The countdown to the coronation of the King has begun but the controversial “Homage of the People” element of the service has been toned down.
Charles reportedly approved the change which came after a string of commentators criticised the new addition as divisive.
Broadcaster Jonathan Dimbleby, a friend of Charles who wrote the King’s authorised biography, said the monarch would find the Homage of the People “abhorrent”.
Build up to the big day has already begun with workers sweeping sand onto roads, police officers arriving and a rain shelter is being set up outside the Abbey entrance.
Metropolitan police and military police officers patrolled the route from Victoria to Westminster from the early hours on Saturday.
Royal fans with Union flags and crowns could be seen on trains and in Tube stations from just after 4.30am.
The King will be crowned at Westminster Abbey by the Archbishop of Canterbury during a coronation ceremony dating back centuries.
The senior cleric said in a statement issued on the eve of the coronation that the ceremony served as “a powerful reflection and celebration of who we are today, in all our wonderful diversity”.
He said people will be struck by the “majesty and sacred wonder” of the service, but also hoped they would find “ancient wisdom and new hope”.
The event will bring together around 100 heads of state, kings and queens from across the globe, celebrities, everyday heroes and family and friends of the couple, with Charles’ estranged son the Duke of Sussex expected to attend.
Invited guests include David and Victoria Beckham, musician Lionel Richie, French President Emmanuel Macron, King Willem-Alexander and Queen Maxima of the Netherlands, Prime Minister Rishi Sunak and US First Lady Jill Biden but her husband President Joe Biden will not be attending.
The event is the military’s largest ceremonial operation since Queen Elizabeth II’s 1953 coronation, with 9,000 servicemen and women deployed and 7,000 of these performing ceremonial and supporting roles.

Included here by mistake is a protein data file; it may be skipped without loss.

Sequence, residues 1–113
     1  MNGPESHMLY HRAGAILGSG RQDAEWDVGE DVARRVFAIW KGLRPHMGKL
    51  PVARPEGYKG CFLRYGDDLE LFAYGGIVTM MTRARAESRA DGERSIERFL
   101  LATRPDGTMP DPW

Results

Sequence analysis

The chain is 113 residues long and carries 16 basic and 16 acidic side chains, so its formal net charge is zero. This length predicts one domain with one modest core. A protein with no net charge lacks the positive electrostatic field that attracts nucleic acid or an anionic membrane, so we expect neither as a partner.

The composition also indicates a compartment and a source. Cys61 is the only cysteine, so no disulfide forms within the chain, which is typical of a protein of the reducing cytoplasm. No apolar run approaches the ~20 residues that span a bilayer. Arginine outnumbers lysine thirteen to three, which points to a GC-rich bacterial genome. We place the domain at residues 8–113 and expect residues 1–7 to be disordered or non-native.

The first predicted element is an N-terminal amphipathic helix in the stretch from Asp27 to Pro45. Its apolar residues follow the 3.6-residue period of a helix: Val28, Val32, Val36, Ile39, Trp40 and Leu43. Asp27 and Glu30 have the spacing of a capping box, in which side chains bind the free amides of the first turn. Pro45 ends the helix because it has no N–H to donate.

Mr Welby followed the longstanding tradition of commissioning new coronation liturgy – the prayers and actions of the coronation service – which has the theme Called To Serve.
He chaired an advisory group of theology, constitutional history and inter-faith relationships experts to draft the liturgy, produced in close consultation with the King and the Government.
The Homage of the People replaced the homage of peers, and Lambeth Palace described it as an invitation to the estimated global television audience of tens of millions to make a “a great cry around the nation and around the world in support for the King”.
All those interested would be invited to say: “I swear that I will pay true allegiance to your majesty, and to your heirs and successors according to law. So help me God.”
But now he will say: “I now invite those who wish to offer their support to do so, with a moment of private reflection, by joining in saying God save King Charles at the end or, for those with the words before them, to recite them in full.”
A Lambeth Palace spokesperson said: “The Homage of the People was always an invitation rather than expectation.
“To provide further clarity as the order of service was finalised, it has been mutually agreed by Lambeth Palace and Buckingham Palace that the introductory words will be changed.
“This reflects the collaborative approach that has been taken throughout the coronation planning. We are looking forward to the service with much joy and expectation.”